The Top Professional Athletes with Prosthetics

4 February 2022

The loss of a limb can feel discouraging, especially for those who previously led an active lifestyle and played sports, whether competitively or recreationally. If you’re new to limb loss, you may be wondering if you’ll ever be able to perform or play the way you previously did. Navigating life with athletic prosthetic limbs can leave you feeling awkward and uncertain.

We understand how life-changing losing a limb can be. But we also know just how amazing your life can still be with an athletic prosthetic leg, arm, hand, foot, or any athletic prosthetic limb, and we don’t want you to lose hope. You can still dominate your sport, from skiing or snowboarding to football, basketball, track, or gymnastics, and we’d like to take a moment to introduce you to three of the top professional athletes with prosthetic limbs to help stoke your competitive fire.

1) Amy Purdy

Amy Purdy was born in Las Vegas, NV, and began snowboarding when she was 15. At 19, she contracted Bacterial Meningitis and was rushed to the hospital in septic shock. She was given a 2% chance of survival upon arrival because she went into respiratory and multiple organ failure on the way to the hospital, which led to a loss of circulation to her limbs. She ended up having both her legs amputated above the knee to save her life. Fast-forward two years, and Amy, now outfitted with two athletic prosthetic legs, entered the USASA National Snowboarding Championship and medaled in three events. She is currently the most decorated Paralympic snowboarder in American history. She also participated in the TV shows Amazing Race and Dancing with the Starswhere she came in second place. Amy founded Adaptive Action Sports, which trains athletes with disabilities and is the top organization in the US for developing US Paralympic Snowboarders.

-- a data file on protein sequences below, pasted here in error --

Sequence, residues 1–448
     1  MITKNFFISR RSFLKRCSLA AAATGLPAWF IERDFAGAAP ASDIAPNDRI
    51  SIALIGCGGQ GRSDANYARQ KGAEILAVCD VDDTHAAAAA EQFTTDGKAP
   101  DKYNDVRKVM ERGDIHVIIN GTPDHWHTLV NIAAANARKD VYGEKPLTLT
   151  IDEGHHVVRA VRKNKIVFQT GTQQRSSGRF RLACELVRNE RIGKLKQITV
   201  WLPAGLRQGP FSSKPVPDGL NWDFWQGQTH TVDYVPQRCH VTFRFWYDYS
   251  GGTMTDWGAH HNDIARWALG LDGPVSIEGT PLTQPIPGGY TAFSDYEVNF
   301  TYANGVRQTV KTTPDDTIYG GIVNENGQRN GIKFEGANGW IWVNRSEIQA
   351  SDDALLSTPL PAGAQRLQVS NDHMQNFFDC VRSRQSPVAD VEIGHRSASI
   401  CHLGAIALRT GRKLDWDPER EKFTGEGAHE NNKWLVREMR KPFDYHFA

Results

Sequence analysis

2) Jeremy Campbell

Jeremy Campbell was born with a rare birth deficiency called fibular hemimelia, which means that the lower part of his right leg didn’t fully develop, and he was born without a fibula. He had his right leg amputated when he was one, but that didn’t stop Jeremy from living an athletic life. As an athlete prosthetic limb wearer, Jeremy has excelled. He was the quarterback on his high school football team and point guard for the basketball team. After high school, Jeremy set his sights higher and joined the Paralympics. In 2008, Jeremy went to the Beijing Paralympics and won a gold medal in discus and pentathlon and placed fourth in the long jump. In 2012, he won a gold medal in discus at the London Paralympics and set a world record when he threw the discus 62.18 meters. In 2016, he placed fourth in discus in the Paralympic Games in Rio.

3) Scott Schroeder

Army Chief Warrant Officer Scott Schroeder lost both legs and one of his arms in 2010 after he was caught in a roadside bomb attack in Afghanistan. Scott was accustomed to an active lifestyle before becoming an amputee, and he had no plans of letting a lost limb, or three, stop him from continuing. Scott is an avid snowboarder and scuba diver and has been diving since the 1980s. Scott is world-renowned for his underwater explorations and has special athletic prosthetic legs outfitted with fins. He works with Task Force Dagger Special Operations Foundation, which was started by four former Special Operations Forces (SOF) soldiers who work with Wounded Warriors and their families with immediate needs, rehabilitative adaptive events, and a health initiative.

While these three athletes only show a small slice of the number of professional athletes that use prosthetic limbs, they’re a few of our favorites and inspire us — and countless others — every day. Two of the three athletes we showcased have participated in the Paralympics, and every Olympic season, the question, “Should athletes with prosthetics be allowed in the Olympics?” gets asked. Some people believe that athletic prosthetic limbs offer an unfair advantage over those who don’t wear prostheses. A recent study showed “that the use of running prostheses provides no competitive advantage.”

Whether you’re trying to qualify for the Olympics or want to live an active lifestyle once more, you need a prosthetic limb that is comfortable and can support you. Contact us today to learn more about our prosthetic limbs and what we can do for you.